Last Updated on April 18, 2023
It might sound a bit far-fetched, but have you ever wondered if can horses drink beer? And what about other alcoholic drinks? Let’s find out!
Can Horses Drink Beer?
OK, so this is quite likely something that never crossed your mind until now, but can horses drink beer? This idea is not quite as crazy as it sounds, and historically horses were often given alcoholic drinks to consume!
One example of this is an old horseman’s tale from Ireland, where it was said to be commonplace to give a horse a drink of Irish stout. This is a very dark beer, almost completely black. The stories vary slightly, with some saying that it was tradition to give a horse a drink of stout when it won a race, and others prefer to give their horse this beverage regularly.
As it turns out, beer is not harmful to horses, and there are some benefits to giving a horse an occasional drink of beer.
Do Horses Like Beer?
Many horses do enjoy the taste of beer, and it seems they can even be quite the connoisseur when it comes to what beer they like!
Anecdotal evidence reports that horses are more likely to enjoy the flavor of dark ales and beer, and are not so keen on light-colored beers and lagers. The reason for this is thought to be that darker ale are brewed using barley and hops, and these are similar in flavor to the foods that horses enjoy. The lighter beers taste unfamiliar to the horse, and they are less likely to try drinking them.
Not all horses will enjoy drinking beer, but the ones that get the taste for it certainly seem to enjoy a can of the cold stuff once in a while!
Horse Alcohol Consumption – Do Horses Get Drunk?
The interesting thing about horses drinking beer is that it is highly unlikely that your horse will get drunk. There are two good reasons for this unusual phenomenon.
Firstly, the gastrointestinal system of the horse can digest and metabolize alcohol very quickly, turning it into carbohydrates to be used as energy. The liver can process alcohol so quickly that the horse will feel no intoxicating effects whatsoever from a can of beer.
You would need to consume around 20 times more alcohol than a human to become drunk, and this is a dangerous experiment that we highly recommend you should never attempt!
The second reason that horses do not get drunk easily is their large body weight. Again, this means the alcohol in beer is quickly metabolized and dissipated, without causing the horse to become intoxicated.
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Why Would You Give Your Horse Beer? Can Horses Drink Beer?
So, are there any benefits to giving beer to horses? Well, this is a relatively low-calorie treat for horses, which can be cold and refreshing. Your horse may well enjoy a cold beer after a long ride, so there is no harm in sharing a beer with him!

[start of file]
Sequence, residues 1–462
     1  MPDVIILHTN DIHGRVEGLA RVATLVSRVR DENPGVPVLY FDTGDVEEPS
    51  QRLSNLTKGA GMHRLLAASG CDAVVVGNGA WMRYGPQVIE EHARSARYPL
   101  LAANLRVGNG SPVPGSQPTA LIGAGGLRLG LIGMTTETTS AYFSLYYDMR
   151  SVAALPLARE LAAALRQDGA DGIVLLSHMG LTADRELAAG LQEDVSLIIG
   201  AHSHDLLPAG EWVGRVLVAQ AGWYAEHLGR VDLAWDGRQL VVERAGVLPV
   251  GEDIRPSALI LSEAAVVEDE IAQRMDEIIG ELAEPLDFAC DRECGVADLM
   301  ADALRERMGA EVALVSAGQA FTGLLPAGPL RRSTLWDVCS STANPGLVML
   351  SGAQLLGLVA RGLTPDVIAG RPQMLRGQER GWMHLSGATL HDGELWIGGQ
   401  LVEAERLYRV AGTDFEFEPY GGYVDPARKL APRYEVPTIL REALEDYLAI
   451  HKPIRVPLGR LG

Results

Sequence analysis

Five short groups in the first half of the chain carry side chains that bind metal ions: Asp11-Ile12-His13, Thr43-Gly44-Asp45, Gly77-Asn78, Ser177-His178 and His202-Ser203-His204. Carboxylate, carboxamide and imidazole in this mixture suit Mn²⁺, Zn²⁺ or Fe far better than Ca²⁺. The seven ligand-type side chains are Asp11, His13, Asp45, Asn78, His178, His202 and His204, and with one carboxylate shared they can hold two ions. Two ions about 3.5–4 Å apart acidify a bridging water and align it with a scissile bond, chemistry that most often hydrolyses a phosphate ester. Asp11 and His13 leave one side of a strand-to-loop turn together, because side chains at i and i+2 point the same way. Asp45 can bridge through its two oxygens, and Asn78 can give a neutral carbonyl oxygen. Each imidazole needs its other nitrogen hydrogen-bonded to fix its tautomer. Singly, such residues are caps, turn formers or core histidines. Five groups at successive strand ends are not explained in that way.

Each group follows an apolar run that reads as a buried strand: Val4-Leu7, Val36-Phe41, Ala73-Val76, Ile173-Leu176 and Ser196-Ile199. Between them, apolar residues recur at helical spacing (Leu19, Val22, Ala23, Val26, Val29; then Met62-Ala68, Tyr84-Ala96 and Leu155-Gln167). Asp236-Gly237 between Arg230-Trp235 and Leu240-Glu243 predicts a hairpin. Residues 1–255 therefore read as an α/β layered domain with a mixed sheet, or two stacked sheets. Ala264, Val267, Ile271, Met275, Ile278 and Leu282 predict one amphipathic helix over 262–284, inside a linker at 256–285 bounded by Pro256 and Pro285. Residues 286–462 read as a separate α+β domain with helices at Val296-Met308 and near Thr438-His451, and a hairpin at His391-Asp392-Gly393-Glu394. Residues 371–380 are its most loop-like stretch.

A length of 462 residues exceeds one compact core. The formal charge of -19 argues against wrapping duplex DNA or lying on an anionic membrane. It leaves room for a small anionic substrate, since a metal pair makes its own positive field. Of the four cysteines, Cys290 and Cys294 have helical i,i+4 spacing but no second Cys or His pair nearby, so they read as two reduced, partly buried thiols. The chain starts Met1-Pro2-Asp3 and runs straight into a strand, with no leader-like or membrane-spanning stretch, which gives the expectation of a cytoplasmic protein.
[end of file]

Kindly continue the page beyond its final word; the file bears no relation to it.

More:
Humans tend to worry about the additional calories consumed when we drink beer, but luckily this is not such a problem for horses. An average-sized horse will need to consume 17,000 calories per day, and a medium beer is around 170 calories per bottle. This represents just 1% of his daily calorie intake, so it is unlikely that he would gain weight from drinking the occasional beer.
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If your horse likes the taste of beer, this can also be a great way to encourage him to drink more water. Try adding a splash of beer to his water bucket in hot weather or after exercise, to tempt him to increase his water intake.
If you’re trying beer with your horse for the first time, he might be wary of drinking it at first. You can add a small amount of beer to his bucket of food to get him accustomed to the taste, gradually increasing the amount over time. Some horses never get used to the flavor of beer, no matter how hard you try!
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Is Treating Colic in Horses With Beer a Good Idea?
Treating colic in horses with beer is an old wives’ tale, and is never a good idea. When a horse has colic, his digestive system is already under considerable strain. Giving him beer may make this even worse, and is unlikely to resolve the cause of the gastrointestinal pain.
If you suspect that your horse has colic, seek veterinary advice immediately. Colic is a major emergency in horses, and the sooner it is treated the greater chance your horse has of a full recovery.
And when he is completely better, you can both enjoy a cold beer together!
Is beer good for horses with ulcers?
In the horse world, you will come across plenty of myths and old wives’ tales – treatments that people have used for years, but without any scientific or medical basis. But can horses drink beer to help cure ulcers?
Using beer for horses with ulcers is one of these remedies; many people swear by it and claim it helps to cure ulcers in horses, but research has never been done to prove if it works or not.